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The Rolling Stones: You Can't Always Get What You Want

Let's do one of my favorite ROLLING STONES tunes today: YOU CAN'T ALWAYS GET WHAT YOU WANT. Although it was designed to be the finish cut on the Stones' 1969 album, "Let It Bleed," it was recorded first because it was so difficult to produce.

 

Charlie Watts couldn't play the drum riff on the track, so Stones' Producer Jimmy Miller (Mr. Jimmy) did that part and the Zelig of Rock who turns up on a lot of big hits, Al Kooper (Like A Rolling Stone) played Organ, piano and French Horn. For the recording they recruited The London Bach Choir to sing the opening stanzas, an addition that Keith thought was hilarious.

 

"You Can't Always Get What You Want" was on the flip side of the Rolling Stones' Honky Tonk Women" (Maybe Jerry Hall and twin sister Terry?) and was written by The Gold Dust Twins, Mick and Keith. It was not released as a single from the album in 1969, because there was some doubt whether it was commercially viable.

 

After becoming a staple on FM AOR stations, London Records released it as single in 1973, where it only reached #42 on the U.S. Pop Chart. It became a beloved song, played at virtually every Rolling Stones Live Concert and the audience always sings along with the chorus. Rolling Stone has "You Can't Always Get What You Want" as #100 in the list of "500 Greatest Songs Of All Time."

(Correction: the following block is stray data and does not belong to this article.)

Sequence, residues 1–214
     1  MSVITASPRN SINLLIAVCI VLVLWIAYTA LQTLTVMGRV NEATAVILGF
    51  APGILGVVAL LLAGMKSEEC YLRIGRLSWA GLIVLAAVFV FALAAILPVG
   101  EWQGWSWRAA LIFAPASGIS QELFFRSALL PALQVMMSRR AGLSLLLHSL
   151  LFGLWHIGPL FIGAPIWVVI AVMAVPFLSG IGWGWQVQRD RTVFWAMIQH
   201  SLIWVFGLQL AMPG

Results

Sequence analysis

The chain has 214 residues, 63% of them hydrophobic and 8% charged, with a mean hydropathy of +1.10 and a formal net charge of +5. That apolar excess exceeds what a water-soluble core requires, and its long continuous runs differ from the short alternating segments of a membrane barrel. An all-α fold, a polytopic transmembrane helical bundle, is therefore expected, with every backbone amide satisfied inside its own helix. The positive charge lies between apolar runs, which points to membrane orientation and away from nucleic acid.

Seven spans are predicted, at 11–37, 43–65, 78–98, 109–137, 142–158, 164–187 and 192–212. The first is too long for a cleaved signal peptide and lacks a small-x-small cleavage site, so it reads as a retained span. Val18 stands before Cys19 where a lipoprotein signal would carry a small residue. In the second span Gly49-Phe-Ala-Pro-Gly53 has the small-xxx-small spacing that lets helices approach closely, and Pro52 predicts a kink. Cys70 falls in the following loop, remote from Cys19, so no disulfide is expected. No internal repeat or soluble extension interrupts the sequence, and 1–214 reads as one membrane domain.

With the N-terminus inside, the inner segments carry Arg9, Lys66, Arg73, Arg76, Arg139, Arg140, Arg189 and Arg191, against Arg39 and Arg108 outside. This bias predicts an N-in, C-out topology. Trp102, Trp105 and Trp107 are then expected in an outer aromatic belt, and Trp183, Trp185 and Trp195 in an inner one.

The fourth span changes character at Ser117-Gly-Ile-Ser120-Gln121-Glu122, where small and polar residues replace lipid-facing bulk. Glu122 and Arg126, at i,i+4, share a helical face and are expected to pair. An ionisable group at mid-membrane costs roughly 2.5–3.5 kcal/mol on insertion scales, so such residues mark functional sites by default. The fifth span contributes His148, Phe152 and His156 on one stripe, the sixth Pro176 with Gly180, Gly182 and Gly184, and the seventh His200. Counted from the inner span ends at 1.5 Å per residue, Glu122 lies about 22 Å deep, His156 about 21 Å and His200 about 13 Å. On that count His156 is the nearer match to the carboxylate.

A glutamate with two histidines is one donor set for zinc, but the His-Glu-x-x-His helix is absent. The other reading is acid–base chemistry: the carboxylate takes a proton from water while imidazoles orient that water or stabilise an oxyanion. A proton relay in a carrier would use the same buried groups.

Fun Fact: John Lennon always said that you could count on The Stones to copy new techniques from The Beatles latest album a few months later. Then Jagger said, "I liked what The Beatles did with "Hey Jude" adding the Orchestra to the record." It's a good example of how the Two Bands drove each other. So here they are the group called "World's Greatest" and still Champions: The Rolling Stones Live at Twickenham Stadium, London, in 2003, without a choir, in beautiful Hi Def Film with HQ Sound doing that song. @therealdonrocks

 

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